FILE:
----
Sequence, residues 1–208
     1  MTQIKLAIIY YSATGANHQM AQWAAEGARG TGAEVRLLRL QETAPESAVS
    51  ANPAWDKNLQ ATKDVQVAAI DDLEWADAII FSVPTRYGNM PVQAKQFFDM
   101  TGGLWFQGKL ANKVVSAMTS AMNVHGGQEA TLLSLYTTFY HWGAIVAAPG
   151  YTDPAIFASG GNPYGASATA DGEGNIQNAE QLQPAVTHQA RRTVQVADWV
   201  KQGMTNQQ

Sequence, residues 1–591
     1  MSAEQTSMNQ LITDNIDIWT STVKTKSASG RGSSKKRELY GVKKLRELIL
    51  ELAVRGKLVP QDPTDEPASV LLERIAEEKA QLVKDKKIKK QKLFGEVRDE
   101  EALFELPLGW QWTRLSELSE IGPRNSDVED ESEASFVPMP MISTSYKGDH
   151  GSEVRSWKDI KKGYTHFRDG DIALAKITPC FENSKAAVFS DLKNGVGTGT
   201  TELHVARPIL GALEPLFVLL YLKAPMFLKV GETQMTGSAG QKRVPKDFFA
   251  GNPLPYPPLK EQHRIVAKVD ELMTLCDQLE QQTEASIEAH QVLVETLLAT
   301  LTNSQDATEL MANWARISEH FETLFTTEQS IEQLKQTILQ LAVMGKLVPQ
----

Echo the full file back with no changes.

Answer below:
Sequence, residues 1–208
     1  MTQIKLAIIY YSATGANHQM AQWAAEGARG TGAEVRLLRL QETAPESAVS
    51  ANPAWDKNLQ ATKDVQVAAI DDLEWADAII FSVPTRYGNM PVQAKQFFDM
   101  TGGLWFQGKL ANKVVSAMTS AMNVHGGQEA TLLSLYTTFY HWGAIVAAPG
   151  YTDPAIFASG GNPYGASATA DGEGNIQNAE QLQPAVTHQA RRTVQVADWV
   201  KQGMTNQQ

Sequence, residues 1–591
     1  MSAEQTSMNQ LITDNIDIWT STVKTKSASG RGSSKKRELY GVKKLRELIL
    51  ELAVRGKLVP QDPTDEPASV LLERIAEEKA QLVKDKKIKK QKLFGEVRDE
   101  EALFELPLGW QWTRLSELSE IGPRNSDVED ESEASFVPMP MISTSYKGDH
   151  GSEVRSWKDI KKGYTHFRDG DIALAKITPC FENSKAAVFS DLKNGVGTGT
   201  TELHVARPIL GALEPLFVLL YLKAPMFLKV GETQMTGSAG QKRVPKDFFA
   251  GNPLPYPPLK EQHRIVAKVD ELMTLCDQLE QQTEASIEAH QVLVETLLAT
   301  LTNSQDATEL MANWARISEH FETLFTTEQS IEQLKQTILQ LAVMGKLVPQ